Issue Date: May 11, 2009
Extreme C–C Bonds
THE CARBON-CARBON BOND is arguably the most fundamental connection in all of chemistry. Yet a century after chemists began in earnest to unravel the mysteries of chemical bonding, the intricate details of C–C bonds are still unfolding.
Three research teams have recently contributed to the growing understanding—and growing complexity—of C–C bonding with reports on unique cyclopropane-based compounds.
In one case, Akira Sekiguchi and coworkers at the University of Tsukuba, in Japan, reported the synthesis of the first examples of aryl-substituted tetrahedranes (J. Am. Chem. Soc. 2009, 131, 3172). These compounds exhibit unusual electronic properties made possible by a stabilizing C–C bond that joins the geometrically strained tetrahedrane and the aryl substituent.
Tetrahedranes are pyramid-shaped C4 compounds that in essence consist of four fused cyclopropane rings. Chemists consider the parent tetrahedrane, C4H4, to be one of the most highly strained organic molecules yet conceived. The compound is so exceedingly unstable that chemists haven't been able to make it. Sekiguchi's group and the group of Günther Maier of Justus Liebig University, in Giessen, Germany, have shown that tetrahedranes supported by bulky substituents such as tert-butyl or trimethylsilyl are stable.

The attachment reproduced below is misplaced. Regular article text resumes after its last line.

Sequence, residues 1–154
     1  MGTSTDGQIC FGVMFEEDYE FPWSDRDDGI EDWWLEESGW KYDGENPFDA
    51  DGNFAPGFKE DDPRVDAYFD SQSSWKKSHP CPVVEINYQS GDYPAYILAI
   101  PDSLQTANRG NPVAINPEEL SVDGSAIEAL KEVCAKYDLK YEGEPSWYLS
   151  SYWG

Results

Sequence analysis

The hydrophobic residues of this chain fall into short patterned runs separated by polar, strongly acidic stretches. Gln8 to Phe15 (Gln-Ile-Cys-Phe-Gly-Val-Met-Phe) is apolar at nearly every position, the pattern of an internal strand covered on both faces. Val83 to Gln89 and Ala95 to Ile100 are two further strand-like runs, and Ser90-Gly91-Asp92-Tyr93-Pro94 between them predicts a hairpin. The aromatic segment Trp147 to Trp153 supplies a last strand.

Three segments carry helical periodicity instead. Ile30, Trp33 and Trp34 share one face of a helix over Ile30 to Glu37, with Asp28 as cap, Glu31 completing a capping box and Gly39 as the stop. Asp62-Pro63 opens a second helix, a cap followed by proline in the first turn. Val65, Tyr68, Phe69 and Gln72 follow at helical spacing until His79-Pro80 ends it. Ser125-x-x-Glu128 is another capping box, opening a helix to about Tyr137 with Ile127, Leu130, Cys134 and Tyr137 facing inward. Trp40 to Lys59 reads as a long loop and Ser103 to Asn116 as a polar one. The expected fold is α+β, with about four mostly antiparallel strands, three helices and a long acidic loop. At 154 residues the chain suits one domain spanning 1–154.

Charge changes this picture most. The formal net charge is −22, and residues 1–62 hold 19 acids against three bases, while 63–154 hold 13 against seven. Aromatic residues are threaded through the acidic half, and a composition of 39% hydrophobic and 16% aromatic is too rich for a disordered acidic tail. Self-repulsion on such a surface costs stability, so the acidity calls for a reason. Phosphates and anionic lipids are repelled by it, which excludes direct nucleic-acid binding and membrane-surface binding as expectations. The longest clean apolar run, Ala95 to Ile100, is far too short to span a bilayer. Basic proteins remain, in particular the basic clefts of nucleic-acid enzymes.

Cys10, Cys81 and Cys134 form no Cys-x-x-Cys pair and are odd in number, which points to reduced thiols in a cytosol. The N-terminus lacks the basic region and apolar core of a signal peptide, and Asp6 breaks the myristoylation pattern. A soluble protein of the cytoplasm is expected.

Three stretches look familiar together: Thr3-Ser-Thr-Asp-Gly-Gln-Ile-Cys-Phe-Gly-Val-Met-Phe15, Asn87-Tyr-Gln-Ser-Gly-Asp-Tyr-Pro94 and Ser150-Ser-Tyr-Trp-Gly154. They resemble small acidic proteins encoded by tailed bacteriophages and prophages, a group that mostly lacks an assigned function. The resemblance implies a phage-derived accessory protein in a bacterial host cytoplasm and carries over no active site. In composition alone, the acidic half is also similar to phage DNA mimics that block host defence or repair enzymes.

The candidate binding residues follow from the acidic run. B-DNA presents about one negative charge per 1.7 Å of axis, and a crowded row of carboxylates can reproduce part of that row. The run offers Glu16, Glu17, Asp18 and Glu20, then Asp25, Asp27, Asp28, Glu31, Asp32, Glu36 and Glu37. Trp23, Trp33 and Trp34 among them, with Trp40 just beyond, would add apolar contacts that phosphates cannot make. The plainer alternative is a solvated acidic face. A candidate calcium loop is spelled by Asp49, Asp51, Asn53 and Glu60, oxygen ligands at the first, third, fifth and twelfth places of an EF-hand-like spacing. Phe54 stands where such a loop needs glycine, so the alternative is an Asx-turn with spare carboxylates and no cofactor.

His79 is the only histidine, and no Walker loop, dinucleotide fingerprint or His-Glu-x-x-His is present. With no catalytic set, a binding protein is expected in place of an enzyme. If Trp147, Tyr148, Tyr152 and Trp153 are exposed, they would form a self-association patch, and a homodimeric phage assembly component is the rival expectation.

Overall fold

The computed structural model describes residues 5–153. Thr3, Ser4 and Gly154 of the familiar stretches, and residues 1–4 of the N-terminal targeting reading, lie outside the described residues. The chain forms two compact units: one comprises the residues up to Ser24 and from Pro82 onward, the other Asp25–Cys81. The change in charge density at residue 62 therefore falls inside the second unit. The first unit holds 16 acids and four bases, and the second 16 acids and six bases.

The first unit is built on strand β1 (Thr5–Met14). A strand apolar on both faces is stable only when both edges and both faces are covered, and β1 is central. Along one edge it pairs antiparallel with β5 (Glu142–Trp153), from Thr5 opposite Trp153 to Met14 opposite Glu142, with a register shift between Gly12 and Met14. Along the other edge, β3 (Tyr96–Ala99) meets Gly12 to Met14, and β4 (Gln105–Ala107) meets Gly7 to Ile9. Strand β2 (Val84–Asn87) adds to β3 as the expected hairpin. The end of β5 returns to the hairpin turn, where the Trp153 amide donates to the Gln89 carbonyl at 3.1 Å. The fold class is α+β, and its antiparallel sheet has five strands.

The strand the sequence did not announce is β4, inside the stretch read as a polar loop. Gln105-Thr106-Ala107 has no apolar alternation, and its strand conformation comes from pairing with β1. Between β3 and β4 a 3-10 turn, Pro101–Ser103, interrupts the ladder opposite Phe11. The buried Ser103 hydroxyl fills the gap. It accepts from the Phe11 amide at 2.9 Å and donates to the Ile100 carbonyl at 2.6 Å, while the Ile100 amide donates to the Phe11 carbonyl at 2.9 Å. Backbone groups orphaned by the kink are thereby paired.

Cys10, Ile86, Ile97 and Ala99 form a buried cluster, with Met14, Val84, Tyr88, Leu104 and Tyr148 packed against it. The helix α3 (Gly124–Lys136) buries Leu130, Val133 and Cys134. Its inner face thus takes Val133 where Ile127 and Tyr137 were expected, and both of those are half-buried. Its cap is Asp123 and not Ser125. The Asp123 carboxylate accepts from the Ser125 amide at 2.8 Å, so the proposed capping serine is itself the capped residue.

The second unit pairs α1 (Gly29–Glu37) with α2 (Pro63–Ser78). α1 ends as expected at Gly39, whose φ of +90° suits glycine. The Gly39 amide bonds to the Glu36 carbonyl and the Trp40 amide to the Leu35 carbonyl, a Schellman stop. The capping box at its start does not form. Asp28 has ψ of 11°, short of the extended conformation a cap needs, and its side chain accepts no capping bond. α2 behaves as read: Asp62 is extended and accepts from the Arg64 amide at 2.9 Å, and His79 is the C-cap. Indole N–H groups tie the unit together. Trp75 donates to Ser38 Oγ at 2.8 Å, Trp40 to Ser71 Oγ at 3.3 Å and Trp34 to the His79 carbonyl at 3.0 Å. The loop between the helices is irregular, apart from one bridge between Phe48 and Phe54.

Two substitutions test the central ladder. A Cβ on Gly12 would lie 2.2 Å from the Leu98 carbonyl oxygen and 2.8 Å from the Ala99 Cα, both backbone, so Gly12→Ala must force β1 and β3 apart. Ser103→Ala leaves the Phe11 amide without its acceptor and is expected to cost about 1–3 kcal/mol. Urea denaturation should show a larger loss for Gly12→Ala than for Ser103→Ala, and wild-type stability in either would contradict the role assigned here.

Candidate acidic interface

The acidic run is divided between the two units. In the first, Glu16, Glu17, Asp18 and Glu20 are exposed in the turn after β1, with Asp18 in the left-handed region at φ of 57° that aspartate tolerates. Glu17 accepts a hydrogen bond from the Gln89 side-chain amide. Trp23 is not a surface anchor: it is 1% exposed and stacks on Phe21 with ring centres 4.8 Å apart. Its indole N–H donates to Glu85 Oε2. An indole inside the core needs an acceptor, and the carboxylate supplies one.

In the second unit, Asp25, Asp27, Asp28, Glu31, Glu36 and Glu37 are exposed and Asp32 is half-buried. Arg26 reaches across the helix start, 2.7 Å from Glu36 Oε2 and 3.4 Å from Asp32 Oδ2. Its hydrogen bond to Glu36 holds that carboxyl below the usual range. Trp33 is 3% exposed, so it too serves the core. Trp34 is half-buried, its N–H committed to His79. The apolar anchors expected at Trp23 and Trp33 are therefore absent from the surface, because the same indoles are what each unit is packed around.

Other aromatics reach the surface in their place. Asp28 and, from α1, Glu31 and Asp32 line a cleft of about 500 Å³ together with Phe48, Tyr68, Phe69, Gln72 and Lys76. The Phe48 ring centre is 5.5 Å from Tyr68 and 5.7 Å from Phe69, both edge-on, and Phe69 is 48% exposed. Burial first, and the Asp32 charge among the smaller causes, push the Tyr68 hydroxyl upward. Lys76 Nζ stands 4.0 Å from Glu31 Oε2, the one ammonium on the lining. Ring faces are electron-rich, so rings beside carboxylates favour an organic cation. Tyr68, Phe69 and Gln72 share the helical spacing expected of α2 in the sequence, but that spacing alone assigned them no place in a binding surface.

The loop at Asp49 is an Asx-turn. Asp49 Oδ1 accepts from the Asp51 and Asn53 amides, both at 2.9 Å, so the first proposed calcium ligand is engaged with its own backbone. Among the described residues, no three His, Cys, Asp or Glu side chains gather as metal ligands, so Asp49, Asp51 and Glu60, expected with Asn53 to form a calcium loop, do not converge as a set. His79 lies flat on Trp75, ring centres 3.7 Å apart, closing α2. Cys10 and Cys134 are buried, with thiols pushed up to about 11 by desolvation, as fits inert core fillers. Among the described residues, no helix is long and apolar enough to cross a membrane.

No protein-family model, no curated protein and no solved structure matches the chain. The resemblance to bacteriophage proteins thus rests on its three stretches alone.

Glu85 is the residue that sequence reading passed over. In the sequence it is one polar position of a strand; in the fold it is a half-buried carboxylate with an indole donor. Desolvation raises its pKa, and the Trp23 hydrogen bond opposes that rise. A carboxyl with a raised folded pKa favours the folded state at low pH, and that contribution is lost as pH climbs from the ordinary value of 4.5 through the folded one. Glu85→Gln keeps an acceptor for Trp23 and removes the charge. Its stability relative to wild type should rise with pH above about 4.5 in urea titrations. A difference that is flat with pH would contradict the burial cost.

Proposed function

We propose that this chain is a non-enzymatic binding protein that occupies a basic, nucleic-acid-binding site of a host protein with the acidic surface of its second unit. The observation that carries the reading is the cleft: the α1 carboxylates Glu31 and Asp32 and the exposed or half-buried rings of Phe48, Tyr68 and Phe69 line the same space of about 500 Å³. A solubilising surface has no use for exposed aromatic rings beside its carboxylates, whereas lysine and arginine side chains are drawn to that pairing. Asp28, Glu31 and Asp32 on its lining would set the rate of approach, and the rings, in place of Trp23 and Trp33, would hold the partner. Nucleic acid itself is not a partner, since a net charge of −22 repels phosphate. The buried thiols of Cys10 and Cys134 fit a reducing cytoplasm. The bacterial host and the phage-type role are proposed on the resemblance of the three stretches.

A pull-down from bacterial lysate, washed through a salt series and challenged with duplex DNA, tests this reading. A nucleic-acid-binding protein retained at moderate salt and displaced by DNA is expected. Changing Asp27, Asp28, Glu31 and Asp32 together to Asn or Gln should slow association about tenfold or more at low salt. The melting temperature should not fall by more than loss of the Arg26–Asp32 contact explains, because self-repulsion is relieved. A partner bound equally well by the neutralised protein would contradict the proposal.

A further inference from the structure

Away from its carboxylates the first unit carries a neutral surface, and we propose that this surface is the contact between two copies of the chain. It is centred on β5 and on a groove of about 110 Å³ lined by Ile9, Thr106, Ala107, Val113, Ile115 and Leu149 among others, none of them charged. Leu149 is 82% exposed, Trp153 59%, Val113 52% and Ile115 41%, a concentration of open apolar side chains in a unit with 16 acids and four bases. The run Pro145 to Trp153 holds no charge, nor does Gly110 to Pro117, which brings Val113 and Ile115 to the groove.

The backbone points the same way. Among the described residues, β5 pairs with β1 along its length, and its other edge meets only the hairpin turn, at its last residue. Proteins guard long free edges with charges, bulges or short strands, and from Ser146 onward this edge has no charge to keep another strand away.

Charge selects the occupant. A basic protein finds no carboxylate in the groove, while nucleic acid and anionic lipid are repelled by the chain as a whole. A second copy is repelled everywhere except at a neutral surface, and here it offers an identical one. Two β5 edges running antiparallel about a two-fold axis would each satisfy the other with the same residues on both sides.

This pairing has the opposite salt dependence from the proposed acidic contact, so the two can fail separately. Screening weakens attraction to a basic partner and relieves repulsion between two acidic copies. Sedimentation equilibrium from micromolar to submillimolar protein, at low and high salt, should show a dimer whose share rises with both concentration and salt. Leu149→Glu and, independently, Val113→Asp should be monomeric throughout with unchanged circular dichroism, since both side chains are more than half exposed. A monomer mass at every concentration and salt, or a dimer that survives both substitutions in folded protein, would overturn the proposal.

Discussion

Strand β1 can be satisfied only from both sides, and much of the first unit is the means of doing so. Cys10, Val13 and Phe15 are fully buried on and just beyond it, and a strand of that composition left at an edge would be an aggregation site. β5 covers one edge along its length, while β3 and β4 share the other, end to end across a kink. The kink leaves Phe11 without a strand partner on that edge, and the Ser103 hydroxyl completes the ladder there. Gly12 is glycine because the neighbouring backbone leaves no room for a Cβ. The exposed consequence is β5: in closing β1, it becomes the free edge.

"Tetrahedrane is very unstable due to its high cage strain and high-energy C–C bond orbitals," notes computational chemist Yirong Mo of Western Michigan University, who has studied the bonding in tetrahedrane and its derivatives. Although tetrahedrane technically is a saturated molecule, it acts like it's unsaturated, possibly because of "three-dimensional aromaticity" of the cagelike σ-bond network, Mo says.